I have recently returned from taking a group of 25 Middles History pupils to the Southern States of America; to Georgia and Alabama, to be precise. The purpose of the trip was to gain a deeper understanding of the Civil Rights Movement, which we study at IGCSE, as well as to expose the pupils (and staff!) to an area of the USA which rarely makes it into the tourist guides.
I enjoyed the trip enormously, and I am sure that the pupils did too. However, having had a week or so to reflect, I have come to realise that ‘the South’ is in many ways a land of intriguing contrasts. For instance, it is immediately clear that a huge proportion of the population of the South are enormously proud of the role that their region, their relatives and, in some cases, they themselves played in the fight for Civil Rights. Many see it as their mission to educate the new generation – of Americans and beyond – and make sure that no one forgets just what people had to go through to achieve equality. “Without knowing where we have come from, we can never be sure where we are going” said one poster in Birmingham, Alabama, and this seems to encapsulate the attitude of many. Some of the guides we met bordered on evangelical, and were incredibly engaging as a result. However, despite this it was also possible at times to detect a sense that not everyone shared this view. Barack Obama is still seen as an ‘outsider’ by many in the South, and our coach driver – who himself experienced segregation growing up as a black youth in the late 1950s/early 1960s – was very clear that there were still those for whom the move towards equality was not necessarily a positive development. This is not to suggest for one second that any of this was explicit, or indeed open. But if you looked closely enough, you could perhaps sense that not all was as it first appeared.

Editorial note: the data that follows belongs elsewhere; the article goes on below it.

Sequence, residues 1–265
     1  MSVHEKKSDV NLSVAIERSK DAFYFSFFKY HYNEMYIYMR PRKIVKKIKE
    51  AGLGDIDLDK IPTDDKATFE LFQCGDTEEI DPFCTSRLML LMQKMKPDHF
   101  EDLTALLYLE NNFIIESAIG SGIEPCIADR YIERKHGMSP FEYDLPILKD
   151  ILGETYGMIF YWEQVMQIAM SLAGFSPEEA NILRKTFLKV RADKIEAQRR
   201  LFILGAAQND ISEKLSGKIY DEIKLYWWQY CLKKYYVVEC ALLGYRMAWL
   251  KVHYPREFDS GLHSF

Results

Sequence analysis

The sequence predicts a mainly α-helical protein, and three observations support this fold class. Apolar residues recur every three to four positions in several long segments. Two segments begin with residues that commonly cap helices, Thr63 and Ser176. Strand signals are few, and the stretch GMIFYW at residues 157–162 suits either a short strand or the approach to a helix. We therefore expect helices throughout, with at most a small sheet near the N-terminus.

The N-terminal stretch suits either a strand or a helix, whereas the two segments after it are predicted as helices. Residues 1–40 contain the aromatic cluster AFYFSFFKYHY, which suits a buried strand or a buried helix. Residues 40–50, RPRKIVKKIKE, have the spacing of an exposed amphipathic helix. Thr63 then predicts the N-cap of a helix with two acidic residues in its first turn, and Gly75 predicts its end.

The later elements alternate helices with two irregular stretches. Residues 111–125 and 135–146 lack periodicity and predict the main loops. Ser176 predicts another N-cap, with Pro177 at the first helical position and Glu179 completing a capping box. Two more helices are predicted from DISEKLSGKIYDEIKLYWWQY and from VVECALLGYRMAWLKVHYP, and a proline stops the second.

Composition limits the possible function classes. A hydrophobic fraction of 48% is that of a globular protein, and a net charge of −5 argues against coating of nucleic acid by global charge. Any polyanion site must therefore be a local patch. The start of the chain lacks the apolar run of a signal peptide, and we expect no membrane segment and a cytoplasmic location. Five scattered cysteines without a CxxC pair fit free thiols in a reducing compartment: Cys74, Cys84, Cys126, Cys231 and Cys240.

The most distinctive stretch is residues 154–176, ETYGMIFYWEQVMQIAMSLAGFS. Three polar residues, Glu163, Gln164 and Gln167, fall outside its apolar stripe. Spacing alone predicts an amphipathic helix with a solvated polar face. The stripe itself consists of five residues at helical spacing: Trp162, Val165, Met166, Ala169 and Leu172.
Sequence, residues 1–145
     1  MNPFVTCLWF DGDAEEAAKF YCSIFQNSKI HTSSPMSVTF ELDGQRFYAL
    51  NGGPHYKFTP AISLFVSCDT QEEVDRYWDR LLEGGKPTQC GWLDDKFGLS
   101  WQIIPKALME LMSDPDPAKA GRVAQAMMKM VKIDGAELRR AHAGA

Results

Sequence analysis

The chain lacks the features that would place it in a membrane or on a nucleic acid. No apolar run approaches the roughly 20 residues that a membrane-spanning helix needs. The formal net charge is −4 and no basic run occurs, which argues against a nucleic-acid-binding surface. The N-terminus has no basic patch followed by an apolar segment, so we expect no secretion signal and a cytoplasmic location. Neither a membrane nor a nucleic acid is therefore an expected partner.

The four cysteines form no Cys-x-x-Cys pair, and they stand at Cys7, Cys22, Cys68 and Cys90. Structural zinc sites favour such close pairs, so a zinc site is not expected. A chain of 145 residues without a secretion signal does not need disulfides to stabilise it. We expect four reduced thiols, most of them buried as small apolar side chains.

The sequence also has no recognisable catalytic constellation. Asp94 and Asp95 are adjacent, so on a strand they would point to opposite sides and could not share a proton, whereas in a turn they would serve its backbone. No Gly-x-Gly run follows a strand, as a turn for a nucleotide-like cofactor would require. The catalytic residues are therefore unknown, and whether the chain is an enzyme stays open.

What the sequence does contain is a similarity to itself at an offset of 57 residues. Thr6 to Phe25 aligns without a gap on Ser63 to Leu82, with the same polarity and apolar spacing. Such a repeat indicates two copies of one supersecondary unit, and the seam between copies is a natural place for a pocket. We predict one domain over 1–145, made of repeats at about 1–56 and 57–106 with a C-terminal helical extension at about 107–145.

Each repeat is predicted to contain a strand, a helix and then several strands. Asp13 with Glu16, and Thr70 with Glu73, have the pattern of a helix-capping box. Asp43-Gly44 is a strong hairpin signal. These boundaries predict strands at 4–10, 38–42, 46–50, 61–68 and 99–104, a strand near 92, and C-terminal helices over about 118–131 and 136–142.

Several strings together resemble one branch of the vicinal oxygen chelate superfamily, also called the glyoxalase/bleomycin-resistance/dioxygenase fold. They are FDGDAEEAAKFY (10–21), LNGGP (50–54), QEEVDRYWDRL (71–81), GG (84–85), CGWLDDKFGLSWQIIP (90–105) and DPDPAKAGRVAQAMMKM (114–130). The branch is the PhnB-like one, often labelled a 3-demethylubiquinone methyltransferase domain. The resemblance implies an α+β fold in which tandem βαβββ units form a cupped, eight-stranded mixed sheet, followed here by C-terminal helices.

Another contrast that the Deep South offers is based upon its perception. The Southern States are often viewed in a condescending manner by their Northern neighbours; think of the Duelling Banjos scene in the film ‘Deliverance’ and you will get the idea. Certainly there are many differences between Alabama and, say, New York or Los Angeles. I didn’t see one Starbucks in Alabama, for instance! In addition, the state was overwhelmingly rural, and the overall pace of life just seemed a little slower and more relaxed. However, in many other respects, Alabama could have been anywhere in America. Birmingham, the largest city, is a sprawling metropolis of over 1 million people, and large interstate motorways cut across the state as they do everywhere else in the country, with their ubiquitous and instantly recognisable green signs. Also, for a supposedly ‘backward’ region, the museums and exhibitions were among the best I have been to anywhere in the world. Informative, well-planned, and seamlessly mixing new technology with History, they were educational, interesting and, at times, incredibly moving. One of the highlights of the trip for me was watching a group of around 15 pupils watching in complete silence for over 10 minutes as one museum screen played footage of Martin Luther King’s funeral. It was beautiful in its simplicity, and so much more powerful for that fact.
The welcome we received was incredibly warm. Almost everywhere we went locals would ask where we had come from and (perhaps after marvelling at our accents) would swell with pride when we told them we had come to study their State’s history. I will certainly be looking to organise the trip again next year, and will look forward to seeing if my judgements were sound. I would love to hear from you if you have any experience of this part of the USA, or indeed if you would simply like to find out more about the trip.